We go through suffering many times a day, on a daily basis, week after week in silence. Perhaps so often, that we feel disconnected and unscathed by the suffering we are constantly bombarded within a healthcare setting where death, dying, pain and loss are all “normal”.

Often, we may feel like we are losing ourselves. We struggle to see who we are or who we want to be, we struggle to complete even the simplest of tasks. The minutiae of mundane activities like trying to remember what we need from the grocery store, or remembering a loved one’s birthday, or even executing basic life necessities like food prep suddenly has a layer of complexity added as a filter. Thoughts cloud our minds especially irrational ones – we imagine a future that is not in reality and we may feel anxious over this perceived sense of our life unfolding before us.

Have you ever felt like a wave has hit you and you’re struggling to catch your breath, to regain control? Have you felt almost washed out to sea, that fear you’ll never be able to return to shore? Thoughts reach your mind but there are no words to convey them, living day by day is not an option with the suffering you’ve endured. Those that have been through trauma in their lives will understand this unique feeling. The feeling of the trauma being locked heavily into your chest, it almost feels like you need to breathe the trauma out but you can’t seem to release it. That deep pitting sensation inside your chest and stomach… it crushes you.

There are unique types of trauma that change us forever: grief, bereavement, relationship breakdowns and the direct fear of losing your life or someone close to you. The person you once were before your patient died, the person you once were before your marriage broke down and the person you once were before you witnessed the most traumatic scene in the ER, while you stood by helplessly. You were different before it happened and now you are a totally new person afterwards. You recognise the old you but the new you is wiser and the path is to either learn from the trauma or live it. Be better, or be bitter, the choice is up to you.

We cannot eat/drink our way out of the trauma, exercise it out, avoid the suffering entirely or delay it. However, we can learn to feel it, to fully process our thoughts, feelings and emotions on the experiences we have had. Maybe it brings out a lot of other feelings from our previous traumas and we relive all of those experiences over and over and over again. We remember that childhood friend that we lost years ago or the pet dog who went ‘missing’. We remember loss that was personal to us and begin to understand why grief feels like an echo chamber when we work in a hospital every day. Whilst feeling vulnerable is uncomfortable and we want to shake it off, avoid it and close the chapter of vulnerability, the only way to heal it is to feel it.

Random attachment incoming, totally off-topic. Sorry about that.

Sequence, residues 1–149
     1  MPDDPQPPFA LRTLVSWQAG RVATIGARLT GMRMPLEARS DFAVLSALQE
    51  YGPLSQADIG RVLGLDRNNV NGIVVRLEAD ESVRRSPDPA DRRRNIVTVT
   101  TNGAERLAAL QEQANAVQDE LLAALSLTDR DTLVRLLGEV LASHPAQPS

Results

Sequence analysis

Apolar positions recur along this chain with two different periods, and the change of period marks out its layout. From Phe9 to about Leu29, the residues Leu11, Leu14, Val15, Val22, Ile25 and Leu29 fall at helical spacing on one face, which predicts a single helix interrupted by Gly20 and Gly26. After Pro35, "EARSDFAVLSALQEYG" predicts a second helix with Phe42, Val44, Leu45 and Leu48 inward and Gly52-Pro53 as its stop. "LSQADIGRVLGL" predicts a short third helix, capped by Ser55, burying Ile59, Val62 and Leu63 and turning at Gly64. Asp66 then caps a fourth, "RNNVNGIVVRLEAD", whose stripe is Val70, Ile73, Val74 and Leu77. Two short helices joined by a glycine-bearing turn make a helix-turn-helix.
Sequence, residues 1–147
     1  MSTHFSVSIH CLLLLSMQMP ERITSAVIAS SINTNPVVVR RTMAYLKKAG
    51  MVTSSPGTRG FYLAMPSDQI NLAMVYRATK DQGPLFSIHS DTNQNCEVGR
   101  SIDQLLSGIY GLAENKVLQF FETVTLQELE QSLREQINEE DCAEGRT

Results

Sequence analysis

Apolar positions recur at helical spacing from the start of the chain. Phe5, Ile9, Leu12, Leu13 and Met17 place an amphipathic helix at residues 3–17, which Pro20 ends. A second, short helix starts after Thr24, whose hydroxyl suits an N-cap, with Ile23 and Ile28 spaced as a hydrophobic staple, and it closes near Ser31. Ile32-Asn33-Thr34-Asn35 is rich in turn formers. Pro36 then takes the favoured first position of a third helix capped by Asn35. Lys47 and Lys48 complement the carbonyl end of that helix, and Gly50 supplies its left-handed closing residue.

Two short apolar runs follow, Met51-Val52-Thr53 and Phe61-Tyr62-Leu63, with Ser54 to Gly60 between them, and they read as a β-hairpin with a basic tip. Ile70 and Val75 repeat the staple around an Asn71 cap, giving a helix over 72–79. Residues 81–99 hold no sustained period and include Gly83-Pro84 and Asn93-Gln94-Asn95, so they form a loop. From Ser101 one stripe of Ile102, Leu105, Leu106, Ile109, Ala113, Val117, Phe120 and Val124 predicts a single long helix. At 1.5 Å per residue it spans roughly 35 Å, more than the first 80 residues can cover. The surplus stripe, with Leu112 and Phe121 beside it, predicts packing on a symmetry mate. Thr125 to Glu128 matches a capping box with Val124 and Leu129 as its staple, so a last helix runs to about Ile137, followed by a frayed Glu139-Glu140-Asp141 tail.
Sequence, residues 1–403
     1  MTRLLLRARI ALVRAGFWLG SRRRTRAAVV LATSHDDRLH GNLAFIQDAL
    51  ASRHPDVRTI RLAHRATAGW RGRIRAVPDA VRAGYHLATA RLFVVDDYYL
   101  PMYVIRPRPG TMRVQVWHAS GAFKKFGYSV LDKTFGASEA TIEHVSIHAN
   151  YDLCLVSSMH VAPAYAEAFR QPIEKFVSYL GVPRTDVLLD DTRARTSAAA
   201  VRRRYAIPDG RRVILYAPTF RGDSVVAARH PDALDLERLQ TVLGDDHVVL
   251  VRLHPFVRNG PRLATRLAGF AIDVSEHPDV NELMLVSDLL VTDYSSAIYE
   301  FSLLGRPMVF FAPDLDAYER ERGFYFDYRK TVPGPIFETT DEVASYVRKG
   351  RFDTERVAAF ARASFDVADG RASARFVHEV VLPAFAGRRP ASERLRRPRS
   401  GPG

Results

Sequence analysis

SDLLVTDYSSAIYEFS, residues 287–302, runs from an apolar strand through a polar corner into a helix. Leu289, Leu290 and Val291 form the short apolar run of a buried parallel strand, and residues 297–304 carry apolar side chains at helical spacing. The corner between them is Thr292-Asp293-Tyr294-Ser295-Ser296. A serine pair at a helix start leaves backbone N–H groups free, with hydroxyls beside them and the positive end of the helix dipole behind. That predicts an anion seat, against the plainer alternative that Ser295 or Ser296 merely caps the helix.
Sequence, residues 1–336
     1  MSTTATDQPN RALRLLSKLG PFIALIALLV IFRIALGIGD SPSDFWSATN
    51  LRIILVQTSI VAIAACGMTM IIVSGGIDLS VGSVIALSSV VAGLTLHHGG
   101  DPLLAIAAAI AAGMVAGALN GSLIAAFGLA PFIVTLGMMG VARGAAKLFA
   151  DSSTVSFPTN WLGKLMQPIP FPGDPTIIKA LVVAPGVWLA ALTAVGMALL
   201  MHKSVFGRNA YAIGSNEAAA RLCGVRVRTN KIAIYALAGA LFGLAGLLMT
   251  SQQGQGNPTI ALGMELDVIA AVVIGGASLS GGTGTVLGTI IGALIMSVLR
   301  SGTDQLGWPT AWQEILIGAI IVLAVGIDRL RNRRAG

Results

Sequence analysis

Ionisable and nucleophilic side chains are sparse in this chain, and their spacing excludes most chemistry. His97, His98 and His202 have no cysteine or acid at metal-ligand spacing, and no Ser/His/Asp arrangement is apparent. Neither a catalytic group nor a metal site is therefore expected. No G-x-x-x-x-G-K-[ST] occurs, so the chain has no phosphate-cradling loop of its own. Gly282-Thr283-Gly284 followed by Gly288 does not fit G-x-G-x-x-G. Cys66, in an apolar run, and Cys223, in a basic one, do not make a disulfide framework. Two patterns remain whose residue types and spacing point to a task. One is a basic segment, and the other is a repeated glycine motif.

So, you begin to feel the suffering and trauma, you go over the events over and over again until they become less powerful each day and slowly you start to find you. Life has changed you, you are different but stronger and wiser as each day passes. You’ve felt the trauma, analysed it and you’ve begun to process it in your own way, in your own time and find that new beginning… a silver lining at the end of a long journey of patience, kindness and acceptance. Resist the urge to resist these powerful and unsettling feelings because these are making us wiser and creating a beautiful path ahead of us.

Remember, the only way to heal it, is to feel it.

GRIEF

Vyshnavi & Sathwikaw

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One response

  1. I love this idea, and think that avoiding feeling more negative feelings like grief, anger is more harmful. There are so many ways to try to avoid feeling a certain feeling , like eating to comfort ourselves or distracting ourselves by endless netflix binges, usually they are not the healthiest of options. I do think it’s important to have an understanding attitude towards the negative feelings in our lives as they too have a purpose and are there to help us. For example, feeling anger towards someone is a response to being treated poorly or unfairly and that emotion may be a way to protect ourselves from being in the same situation again. I think In the same way, Grief which we feel after some form of loss is important to feel as it teaches us that life is not permanent and it is important to value those around us.

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